Harshman said after the primary and election, he decided to volunteer for the speaker position, one he says he is excited for.
“God has a plan for us, so I try not to make too big of plans,” Harshman says. “The way the primaries turned out and the way the leadership stepped down, there is a void. I think I have the right kind of experience to make sure the thing runs like it should, and really guide us through some of the budget issues that are going to face us.”
Fred Baldwin (R-Kemmerer) spent two years in the house before winning election this fall to the Senate. He says he thinks the result of a state budget in need of cuts and a high number of legislators will be less legislation making it through both chambers.
“I think we will spend less time looking at trivial bills, things like the jackalope as the state mythical creature and similar bills that are smaller things, and we will spend more time focusing on budgetary issues. I think there will be a lot of bills introduced but less bills get through,” Baldwin says.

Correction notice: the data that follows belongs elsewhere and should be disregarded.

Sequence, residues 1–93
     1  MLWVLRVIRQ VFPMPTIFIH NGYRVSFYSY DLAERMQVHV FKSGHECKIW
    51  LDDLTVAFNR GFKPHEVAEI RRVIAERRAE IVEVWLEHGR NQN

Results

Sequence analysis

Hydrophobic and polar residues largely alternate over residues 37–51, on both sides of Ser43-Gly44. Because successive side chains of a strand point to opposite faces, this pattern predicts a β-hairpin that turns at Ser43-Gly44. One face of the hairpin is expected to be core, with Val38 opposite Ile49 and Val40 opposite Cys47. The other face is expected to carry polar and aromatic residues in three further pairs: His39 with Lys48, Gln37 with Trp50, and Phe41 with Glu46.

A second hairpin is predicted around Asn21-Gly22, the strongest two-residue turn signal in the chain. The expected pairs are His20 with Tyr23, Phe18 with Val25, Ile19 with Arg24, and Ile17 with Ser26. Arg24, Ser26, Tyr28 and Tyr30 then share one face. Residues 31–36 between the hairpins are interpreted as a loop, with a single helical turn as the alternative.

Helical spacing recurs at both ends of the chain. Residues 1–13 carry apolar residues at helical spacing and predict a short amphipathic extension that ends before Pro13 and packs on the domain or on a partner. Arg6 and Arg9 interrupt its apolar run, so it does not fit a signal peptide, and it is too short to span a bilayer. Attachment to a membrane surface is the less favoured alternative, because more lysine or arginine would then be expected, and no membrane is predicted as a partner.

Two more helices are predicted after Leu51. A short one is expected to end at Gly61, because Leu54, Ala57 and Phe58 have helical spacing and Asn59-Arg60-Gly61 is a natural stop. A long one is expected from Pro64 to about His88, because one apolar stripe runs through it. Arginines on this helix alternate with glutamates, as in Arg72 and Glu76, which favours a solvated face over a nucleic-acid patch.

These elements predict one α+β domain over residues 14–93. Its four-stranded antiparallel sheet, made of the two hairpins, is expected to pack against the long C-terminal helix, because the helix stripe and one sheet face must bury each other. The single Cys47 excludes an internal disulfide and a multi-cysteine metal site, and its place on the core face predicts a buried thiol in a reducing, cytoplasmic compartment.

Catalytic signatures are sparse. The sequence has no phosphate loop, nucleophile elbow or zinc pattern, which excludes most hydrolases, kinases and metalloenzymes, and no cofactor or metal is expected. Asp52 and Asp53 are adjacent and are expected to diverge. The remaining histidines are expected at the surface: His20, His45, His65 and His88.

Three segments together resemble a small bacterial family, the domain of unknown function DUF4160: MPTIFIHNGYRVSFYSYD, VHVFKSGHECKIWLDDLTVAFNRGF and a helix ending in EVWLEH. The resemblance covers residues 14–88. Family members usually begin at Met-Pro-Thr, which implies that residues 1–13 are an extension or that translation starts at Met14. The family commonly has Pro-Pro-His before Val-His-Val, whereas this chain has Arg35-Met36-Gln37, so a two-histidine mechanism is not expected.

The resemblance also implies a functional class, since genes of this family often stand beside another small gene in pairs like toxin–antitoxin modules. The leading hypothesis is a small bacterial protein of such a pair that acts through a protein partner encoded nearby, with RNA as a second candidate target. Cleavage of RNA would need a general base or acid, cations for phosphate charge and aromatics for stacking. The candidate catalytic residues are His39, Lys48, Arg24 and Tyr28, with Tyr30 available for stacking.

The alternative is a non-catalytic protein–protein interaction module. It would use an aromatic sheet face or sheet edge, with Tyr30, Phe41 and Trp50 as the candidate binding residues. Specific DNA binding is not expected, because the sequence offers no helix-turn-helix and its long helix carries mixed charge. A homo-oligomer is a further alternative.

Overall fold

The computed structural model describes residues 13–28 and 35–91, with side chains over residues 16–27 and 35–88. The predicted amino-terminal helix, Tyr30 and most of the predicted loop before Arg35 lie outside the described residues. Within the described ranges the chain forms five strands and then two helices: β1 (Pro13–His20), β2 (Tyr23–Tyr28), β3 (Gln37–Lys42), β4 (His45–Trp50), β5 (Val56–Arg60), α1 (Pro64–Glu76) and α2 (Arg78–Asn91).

As far as having a new group of freshmen legislators in the State House, Harshman says he is looking forward to the changes. He cites the fact two new legislators are just 29 years old, while another, Aaron Clausen (R-Douglas), is in his 30s. He adds that other freshmen such as Jamie Flitner (R-Big Horn) (the granddaughter of former State Senator Eddie Moore), Casper businessmen Pat Sweeney (R-Casper), Jerry Obermueller (R-Casper) and others can bring a fresh perspective to the process.
“That is what this is all about, bringing those new perspectives,” Harshman says. “Group genius — where the best ideas boil to the top, are refined and then become the best product we can produce. It is sometimes slow, and painful and frustrating, but it sometimes produces the best product.”